Mr. Isaac, who pastored a church on his farm south of Louisa, has served four years of a 25-year sentence.

KSU board of regents receives orientation
        FRANKFORT — An unusually large turnover of regents at Kentucky State University has prompted a state orientation for the school's entire board.

        The regents have been deeply divided over President George Reid. In addition, the university's finances have been in turmoil.

        Six of the 11 regents are new — four appointed by Gov. Paul Patton and two elected by faculty and students since June — but divisions were evident at the new board's first meeting last week. A budget was adopted by a single vote and election of officers was deferred.

        The orientation is scheduled Wednesday at the Council on Postsecondary Education in Frankfort. Aides to Mr. Patton and state Auditor Ed Hatchett are to take part.

Sullivan College now University instead
        LOUISVILLE — Sullivan College, Kentucky's largest independent four-year institution, has upgraded to university status and officially changed its name.

        The name switch to Sullivan University was announced Thursday. It will enable the school to more effectively market its programs to students from around the world, said school president Dr. A.R. Sullivan. University officials also announced the school has added a master's program in hospitality management and expanded its information technology programs.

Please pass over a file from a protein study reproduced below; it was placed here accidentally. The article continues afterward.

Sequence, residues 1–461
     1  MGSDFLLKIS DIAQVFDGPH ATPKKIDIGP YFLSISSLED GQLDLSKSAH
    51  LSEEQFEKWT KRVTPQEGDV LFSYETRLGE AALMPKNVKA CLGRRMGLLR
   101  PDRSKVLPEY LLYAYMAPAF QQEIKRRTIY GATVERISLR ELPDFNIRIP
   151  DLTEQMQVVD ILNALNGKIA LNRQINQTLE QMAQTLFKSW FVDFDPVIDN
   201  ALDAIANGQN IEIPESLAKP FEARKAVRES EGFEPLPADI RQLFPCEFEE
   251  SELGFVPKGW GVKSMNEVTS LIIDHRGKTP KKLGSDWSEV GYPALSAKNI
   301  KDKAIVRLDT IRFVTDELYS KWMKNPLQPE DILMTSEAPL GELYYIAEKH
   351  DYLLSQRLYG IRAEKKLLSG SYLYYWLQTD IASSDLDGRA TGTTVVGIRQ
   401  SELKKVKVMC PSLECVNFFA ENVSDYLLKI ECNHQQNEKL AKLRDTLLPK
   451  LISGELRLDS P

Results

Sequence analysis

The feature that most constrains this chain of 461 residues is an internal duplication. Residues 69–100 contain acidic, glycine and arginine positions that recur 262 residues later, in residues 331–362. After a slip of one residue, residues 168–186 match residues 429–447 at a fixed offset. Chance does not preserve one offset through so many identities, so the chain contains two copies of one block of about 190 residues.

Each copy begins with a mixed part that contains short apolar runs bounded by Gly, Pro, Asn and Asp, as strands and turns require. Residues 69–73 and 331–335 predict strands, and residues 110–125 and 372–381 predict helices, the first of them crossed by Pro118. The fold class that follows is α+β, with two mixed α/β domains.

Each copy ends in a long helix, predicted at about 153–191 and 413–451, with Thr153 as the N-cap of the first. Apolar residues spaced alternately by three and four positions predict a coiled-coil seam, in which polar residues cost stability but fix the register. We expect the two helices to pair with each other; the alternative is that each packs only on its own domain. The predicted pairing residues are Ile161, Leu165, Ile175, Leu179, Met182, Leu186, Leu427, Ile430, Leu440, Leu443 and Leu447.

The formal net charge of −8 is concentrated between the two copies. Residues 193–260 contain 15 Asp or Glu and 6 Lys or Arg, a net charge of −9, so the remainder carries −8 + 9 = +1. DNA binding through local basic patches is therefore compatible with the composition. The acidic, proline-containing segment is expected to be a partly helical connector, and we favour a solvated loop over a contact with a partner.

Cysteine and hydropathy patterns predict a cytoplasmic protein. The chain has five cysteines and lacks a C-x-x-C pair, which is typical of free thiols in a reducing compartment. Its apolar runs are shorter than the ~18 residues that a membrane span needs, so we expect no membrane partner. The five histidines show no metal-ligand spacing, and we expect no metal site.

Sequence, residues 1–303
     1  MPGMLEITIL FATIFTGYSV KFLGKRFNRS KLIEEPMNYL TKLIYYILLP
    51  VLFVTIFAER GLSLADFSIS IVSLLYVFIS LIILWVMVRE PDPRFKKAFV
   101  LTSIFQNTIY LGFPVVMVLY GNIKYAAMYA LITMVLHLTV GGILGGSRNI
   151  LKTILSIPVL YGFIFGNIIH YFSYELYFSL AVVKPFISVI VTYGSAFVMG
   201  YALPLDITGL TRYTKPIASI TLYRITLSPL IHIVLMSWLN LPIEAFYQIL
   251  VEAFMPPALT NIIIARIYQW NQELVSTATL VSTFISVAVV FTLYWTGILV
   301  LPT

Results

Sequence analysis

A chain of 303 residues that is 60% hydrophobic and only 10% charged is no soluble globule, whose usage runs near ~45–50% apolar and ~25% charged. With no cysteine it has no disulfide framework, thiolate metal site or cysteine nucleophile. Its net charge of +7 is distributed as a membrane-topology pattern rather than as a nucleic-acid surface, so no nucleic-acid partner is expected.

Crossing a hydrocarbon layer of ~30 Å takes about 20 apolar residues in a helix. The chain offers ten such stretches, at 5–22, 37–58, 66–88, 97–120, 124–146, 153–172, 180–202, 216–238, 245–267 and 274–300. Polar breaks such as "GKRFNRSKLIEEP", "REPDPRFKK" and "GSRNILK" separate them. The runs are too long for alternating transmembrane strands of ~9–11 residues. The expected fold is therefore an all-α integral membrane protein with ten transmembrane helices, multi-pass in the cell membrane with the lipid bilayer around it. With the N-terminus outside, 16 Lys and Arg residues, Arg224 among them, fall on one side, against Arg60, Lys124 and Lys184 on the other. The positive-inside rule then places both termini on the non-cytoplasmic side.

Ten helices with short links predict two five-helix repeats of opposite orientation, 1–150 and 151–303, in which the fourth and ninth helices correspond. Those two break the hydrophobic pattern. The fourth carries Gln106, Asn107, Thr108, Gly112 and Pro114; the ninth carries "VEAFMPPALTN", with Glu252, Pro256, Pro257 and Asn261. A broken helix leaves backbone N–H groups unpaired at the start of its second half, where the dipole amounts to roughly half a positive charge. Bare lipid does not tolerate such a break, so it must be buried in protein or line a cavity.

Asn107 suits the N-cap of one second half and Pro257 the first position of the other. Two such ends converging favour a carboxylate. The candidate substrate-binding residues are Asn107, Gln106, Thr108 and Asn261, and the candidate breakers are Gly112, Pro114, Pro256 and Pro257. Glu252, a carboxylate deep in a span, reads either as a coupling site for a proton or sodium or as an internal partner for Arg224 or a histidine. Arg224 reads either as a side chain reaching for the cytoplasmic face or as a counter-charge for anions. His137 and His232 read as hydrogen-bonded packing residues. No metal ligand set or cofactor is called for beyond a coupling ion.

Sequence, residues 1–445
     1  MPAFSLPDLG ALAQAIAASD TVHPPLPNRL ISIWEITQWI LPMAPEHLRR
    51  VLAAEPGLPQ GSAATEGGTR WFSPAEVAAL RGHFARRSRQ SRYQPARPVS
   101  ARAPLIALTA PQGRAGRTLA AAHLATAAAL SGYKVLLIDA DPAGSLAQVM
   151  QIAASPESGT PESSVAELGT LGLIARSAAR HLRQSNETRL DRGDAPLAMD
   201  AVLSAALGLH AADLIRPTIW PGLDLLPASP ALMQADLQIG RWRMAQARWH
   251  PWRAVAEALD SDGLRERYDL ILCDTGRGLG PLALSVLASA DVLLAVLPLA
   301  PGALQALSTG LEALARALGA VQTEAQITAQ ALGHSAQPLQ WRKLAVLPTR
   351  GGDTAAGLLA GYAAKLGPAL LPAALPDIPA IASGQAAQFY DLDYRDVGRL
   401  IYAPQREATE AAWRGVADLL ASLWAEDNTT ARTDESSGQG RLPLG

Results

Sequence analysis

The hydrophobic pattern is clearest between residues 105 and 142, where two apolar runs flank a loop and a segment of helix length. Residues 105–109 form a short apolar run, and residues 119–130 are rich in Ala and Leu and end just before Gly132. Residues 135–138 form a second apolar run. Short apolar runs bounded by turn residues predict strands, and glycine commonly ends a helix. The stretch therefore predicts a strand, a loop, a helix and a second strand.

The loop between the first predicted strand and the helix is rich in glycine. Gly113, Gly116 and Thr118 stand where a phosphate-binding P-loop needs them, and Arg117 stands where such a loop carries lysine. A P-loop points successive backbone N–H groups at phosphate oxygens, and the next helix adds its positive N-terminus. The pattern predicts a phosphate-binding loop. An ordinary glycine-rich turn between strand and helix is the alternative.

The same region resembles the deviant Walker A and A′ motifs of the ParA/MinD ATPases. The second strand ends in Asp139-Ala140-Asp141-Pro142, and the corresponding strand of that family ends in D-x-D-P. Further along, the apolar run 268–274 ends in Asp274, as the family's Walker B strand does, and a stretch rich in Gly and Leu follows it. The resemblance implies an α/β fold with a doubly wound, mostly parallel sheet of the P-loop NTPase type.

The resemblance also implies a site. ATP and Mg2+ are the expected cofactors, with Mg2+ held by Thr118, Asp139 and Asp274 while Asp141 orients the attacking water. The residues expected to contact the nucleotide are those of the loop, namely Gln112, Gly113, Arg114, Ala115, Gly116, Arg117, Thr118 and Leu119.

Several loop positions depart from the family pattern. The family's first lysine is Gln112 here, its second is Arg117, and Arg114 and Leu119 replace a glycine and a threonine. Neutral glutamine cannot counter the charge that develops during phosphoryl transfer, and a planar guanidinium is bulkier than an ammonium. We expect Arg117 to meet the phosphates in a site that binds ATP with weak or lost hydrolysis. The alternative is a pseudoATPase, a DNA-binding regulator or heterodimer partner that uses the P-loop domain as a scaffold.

Sullivan was founded in 1962 as a one-year business school by Dr. Sullivan and his father, A.O. Sullivan. The school's initial enrollment of seven students has grown to more than 3,600. This fall's enrollment is expected to exceed 4,000 students from 38 states and some international markets.

EKU to offer tuition break to some students
        RICHMOND — Eastern Kentucky University's Board of Regents approved a plan Thursday to cut out-of-state tuition by 45 percent for some out-of-state students.

        The tuition break, which will take effect with the fall 2001 semester, applies to three groups. They must meet the criteria for full admission to the university before qualifying. The groups are:

        • Out-of-state students who live in any of the first three tiers of counties in southern Ohio and Indiana, southwestern Virginia and West Virginia, northern Tennessee, southern Illinois and southeast Missouri.

        • Students who are the children of alumni who received a master's, bachelor's or associate's degree from Eastern, regardless of state of residence.

        • Any high-ability student who has a cumulative high school GPA of 3.0 or higher on a 4.0 scale and has a composite ACT score of 25 or higher, regardless of state of residence.

        Based on an anticipated 7.5 percent increase in tuition for the 2001-2002 academic year, the targeted out-of-state students will pay $1,928 a semester, compared to $1,167 for in-state students and $3,500 for other out-of-state students, the university said.